Food’s fifth taste and it’s not umami
There is a growing momentum in the restaurant world to promote umami, the natural flavour enhancer in some types of food, to the elevated position of the fifth taste! The first four are: sweet, salty, sour and bitter. Sorry guys. You are a thousand or so years too late. Food and drink’s fifth taste is – terroir!
Terroir is the name for the unique flavours imparted to a product, generally food and wine, from a particular plot of land. Soil, climate, aspect and sunlight all play their part in creating terroir’s special taste.
The French have always insisted for example, that the terroir taste of Burgundy wine, Dijon Mustard or Bresse Chicken cannot be produced anywhere but in those places. Likewise Italy’s Chianti wine, Parma Ham and Scotland’s single Malt whiskies.
For anyone that wants to experience terroir the fifth taste at its most dynamic – should take trip to Burgundy. Winemakers there delight in demonstrating the impact that the vineyard and soil variations have on the finished wine. Any drinker will be left in no doubt that terroir is the fifth taste.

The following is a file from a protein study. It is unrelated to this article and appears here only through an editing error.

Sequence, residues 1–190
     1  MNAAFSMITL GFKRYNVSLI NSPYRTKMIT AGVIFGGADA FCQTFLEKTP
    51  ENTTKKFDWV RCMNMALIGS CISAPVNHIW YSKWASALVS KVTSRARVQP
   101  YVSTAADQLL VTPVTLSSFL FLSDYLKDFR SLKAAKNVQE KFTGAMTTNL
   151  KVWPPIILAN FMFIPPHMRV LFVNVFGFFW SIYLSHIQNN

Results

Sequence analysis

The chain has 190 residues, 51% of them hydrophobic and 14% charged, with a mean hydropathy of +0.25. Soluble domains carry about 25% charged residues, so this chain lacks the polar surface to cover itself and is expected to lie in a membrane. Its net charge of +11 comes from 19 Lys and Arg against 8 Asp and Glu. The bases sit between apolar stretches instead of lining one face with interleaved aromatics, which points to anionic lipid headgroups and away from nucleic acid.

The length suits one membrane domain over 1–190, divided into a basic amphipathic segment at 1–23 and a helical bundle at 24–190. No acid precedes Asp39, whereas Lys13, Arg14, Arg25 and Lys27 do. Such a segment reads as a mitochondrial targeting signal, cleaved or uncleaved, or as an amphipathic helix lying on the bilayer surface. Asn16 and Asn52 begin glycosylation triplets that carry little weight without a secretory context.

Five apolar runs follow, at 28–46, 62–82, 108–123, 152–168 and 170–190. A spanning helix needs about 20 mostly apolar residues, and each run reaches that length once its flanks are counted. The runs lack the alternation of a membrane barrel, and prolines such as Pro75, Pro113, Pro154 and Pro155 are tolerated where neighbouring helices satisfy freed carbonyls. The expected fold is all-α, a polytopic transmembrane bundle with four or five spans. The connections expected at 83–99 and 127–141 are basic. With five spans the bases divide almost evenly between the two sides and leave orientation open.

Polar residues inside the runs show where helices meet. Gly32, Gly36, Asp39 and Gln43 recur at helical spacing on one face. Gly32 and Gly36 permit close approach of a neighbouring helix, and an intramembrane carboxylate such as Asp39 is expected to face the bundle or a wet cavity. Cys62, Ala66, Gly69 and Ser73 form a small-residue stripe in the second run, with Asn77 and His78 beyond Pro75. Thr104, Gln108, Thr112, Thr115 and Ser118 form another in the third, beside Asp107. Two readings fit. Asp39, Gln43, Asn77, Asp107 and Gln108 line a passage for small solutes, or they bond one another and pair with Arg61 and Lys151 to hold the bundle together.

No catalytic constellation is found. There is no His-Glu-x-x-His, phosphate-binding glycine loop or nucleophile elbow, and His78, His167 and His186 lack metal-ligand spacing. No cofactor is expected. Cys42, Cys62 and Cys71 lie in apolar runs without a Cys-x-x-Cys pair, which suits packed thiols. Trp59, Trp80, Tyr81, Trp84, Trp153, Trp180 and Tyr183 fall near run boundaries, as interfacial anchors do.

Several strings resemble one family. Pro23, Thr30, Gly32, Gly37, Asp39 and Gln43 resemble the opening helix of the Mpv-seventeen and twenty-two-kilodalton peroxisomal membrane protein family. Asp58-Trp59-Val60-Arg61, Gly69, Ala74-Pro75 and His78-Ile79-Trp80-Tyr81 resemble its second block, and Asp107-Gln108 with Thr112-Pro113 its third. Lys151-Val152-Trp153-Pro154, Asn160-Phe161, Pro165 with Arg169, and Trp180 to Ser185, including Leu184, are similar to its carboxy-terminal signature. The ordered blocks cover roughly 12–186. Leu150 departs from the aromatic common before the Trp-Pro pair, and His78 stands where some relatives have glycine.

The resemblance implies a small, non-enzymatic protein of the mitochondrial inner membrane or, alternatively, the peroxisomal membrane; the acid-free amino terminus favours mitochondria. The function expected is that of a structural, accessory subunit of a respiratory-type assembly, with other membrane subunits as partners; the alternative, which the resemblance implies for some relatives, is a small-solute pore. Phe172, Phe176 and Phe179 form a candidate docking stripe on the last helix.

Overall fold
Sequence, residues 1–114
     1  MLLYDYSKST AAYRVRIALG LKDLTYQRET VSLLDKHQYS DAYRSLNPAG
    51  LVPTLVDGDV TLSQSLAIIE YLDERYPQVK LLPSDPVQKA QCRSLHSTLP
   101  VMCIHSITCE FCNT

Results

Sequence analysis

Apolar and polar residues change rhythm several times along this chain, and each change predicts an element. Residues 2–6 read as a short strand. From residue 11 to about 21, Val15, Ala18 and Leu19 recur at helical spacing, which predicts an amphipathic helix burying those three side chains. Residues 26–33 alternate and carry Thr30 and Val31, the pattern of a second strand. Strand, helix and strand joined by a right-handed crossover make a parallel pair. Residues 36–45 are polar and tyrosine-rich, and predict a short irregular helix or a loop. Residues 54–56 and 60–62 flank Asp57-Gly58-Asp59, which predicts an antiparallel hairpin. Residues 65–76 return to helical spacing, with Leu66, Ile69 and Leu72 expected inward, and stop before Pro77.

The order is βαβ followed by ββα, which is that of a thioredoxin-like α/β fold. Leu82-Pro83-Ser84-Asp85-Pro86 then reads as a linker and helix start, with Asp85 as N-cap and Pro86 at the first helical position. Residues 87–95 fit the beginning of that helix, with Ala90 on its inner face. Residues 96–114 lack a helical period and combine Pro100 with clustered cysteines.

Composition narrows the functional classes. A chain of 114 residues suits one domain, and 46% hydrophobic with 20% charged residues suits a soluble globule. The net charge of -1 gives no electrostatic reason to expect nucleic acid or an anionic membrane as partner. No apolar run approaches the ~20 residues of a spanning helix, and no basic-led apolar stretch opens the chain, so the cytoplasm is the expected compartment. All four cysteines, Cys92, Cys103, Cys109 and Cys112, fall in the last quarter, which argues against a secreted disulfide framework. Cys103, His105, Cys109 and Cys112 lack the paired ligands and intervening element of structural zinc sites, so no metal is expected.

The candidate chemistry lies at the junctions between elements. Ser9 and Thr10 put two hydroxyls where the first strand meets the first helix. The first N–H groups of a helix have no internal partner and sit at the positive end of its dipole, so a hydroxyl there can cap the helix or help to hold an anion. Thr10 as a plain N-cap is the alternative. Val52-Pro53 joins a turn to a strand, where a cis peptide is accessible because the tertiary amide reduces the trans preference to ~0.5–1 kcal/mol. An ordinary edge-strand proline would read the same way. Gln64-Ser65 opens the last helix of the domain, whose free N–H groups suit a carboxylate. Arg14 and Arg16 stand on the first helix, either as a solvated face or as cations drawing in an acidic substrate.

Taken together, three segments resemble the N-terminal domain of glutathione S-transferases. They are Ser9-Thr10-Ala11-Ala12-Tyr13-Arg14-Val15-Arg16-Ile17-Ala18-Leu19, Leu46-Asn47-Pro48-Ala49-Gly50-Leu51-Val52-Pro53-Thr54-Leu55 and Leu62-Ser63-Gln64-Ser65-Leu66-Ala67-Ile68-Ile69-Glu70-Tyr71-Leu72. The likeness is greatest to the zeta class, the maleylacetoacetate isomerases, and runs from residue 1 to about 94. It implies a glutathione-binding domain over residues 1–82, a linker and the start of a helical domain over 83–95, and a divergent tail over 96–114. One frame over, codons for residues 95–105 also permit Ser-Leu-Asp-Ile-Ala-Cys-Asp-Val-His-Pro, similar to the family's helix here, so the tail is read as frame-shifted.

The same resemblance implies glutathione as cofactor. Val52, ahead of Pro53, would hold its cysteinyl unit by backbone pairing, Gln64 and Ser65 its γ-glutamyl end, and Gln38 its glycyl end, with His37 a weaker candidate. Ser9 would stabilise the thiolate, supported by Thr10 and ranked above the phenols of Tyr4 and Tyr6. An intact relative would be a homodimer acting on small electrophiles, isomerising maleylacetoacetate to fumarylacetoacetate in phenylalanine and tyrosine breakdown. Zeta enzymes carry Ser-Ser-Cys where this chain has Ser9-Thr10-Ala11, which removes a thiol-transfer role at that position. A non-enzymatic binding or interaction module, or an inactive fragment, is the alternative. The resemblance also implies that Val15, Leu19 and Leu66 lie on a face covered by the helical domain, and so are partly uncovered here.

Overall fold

Bruichladdich Islay Single Malt Whisky, Islay, Scotland
Grey Poupon Prepared Dijon Mustard
Want a top notch Dijon mustard? Grey Poupon is as good as you’ll find on the supermarket shelves. If the size, style and price fits – put it in the trolley.
ALDI Specially Selected Parma Prosciutto di Parma Italian Parma Ham, Italy
Selected legs of Italian pork are hand-rubbed with sea salt and slowly cured for 14 months. As good as you’ll find on the supermarket shelves. Put a pack in the trolley.
Tesco Finest Chablis, Grand Cuvee, White Burgundy, France
Tesco Want a cheaper alternative to the big name producers? Then this Chablis with its mouth-watering acidity and flinty lick on the swallow is worth a punt.
Competing Brands: William Fevre, Blason de Bourgogne & Louis Jadot